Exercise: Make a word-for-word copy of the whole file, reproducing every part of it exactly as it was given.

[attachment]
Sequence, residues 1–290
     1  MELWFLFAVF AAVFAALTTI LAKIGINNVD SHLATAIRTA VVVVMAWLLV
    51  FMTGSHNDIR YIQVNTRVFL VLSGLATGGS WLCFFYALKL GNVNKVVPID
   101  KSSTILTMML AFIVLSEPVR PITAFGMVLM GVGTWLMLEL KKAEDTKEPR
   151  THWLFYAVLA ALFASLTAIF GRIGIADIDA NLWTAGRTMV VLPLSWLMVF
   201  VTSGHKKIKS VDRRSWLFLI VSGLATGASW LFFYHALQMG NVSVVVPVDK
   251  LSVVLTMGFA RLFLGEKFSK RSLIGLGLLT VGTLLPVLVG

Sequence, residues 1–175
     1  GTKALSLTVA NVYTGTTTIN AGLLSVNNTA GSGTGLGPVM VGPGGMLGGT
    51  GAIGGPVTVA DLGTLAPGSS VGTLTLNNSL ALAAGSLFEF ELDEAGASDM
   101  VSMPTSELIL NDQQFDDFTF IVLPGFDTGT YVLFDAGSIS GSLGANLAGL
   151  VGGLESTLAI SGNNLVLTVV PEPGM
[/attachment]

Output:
Sequence, residues 1–290
     1  MELWFLFAVF AAVFAALTTI LAKIGINNVD SHLATAIRTA VVVVMAWLLV
    51  FMTGSHNDIR YIQVNTRVFL VLSGLATGGS WLCFFYALKL GNVNKVVPID
   101  KSSTILTMML AFIVLSEPVR PITAFGMVLM GVGTWLMLEL KKAEDTKEPR
   151  THWLFYAVLA ALFASLTAIF GRIGIADIDA NLWTAGRTMV VLPLSWLMVF
   201  VTSGHKKIKS VDRRSWLFLI VSGLATGASW LFFYHALQMG NVSVVVPVDK
   251  LSVVLTMGFA RLFLGEKFSK RSLIGLGLLT VGTLLPVLVG

Sequence, residues 1–175
     1  GTKALSLTVA NVYTGTTTIN AGLLSVNNTA GSGTGLGPVM VGPGGMLGGT
    51  GAIGGPVTVA DLGTLAPGSS VGTLTLNNSL ALAAGSLFEF ELDEAGASDM
   101  VSMPTSELIL NDQQFDDFTF IVLPGFDTGT YVLFDAGSIS GSLGANLAGL
   151  VGGLESTLAI SGNNLVLTVV PEPGM